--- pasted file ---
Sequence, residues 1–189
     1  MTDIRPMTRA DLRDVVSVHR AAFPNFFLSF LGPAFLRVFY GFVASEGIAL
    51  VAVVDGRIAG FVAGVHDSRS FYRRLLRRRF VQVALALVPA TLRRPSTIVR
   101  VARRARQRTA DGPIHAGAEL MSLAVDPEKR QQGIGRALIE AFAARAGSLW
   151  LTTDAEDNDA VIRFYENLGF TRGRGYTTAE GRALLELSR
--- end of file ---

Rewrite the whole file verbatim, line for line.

Sequence, residues 1–189
     1  MTDIRPMTRA DLRDVVSVHR AAFPNFFLSF LGPAFLRVFY GFVASEGIAL
    51  VAVVDGRIAG FVAGVHDSRS FYRRLLRRRF VQVALALVPA TLRRPSTIVR
   101  VARRARQRTA DGPIHAGAEL MSLAVDPEKR QQGIGRALIE AFAARAGSLW
   151  LTTDAEDNDA VIRFYENLGF TRGRGYTTAE GRALLELSR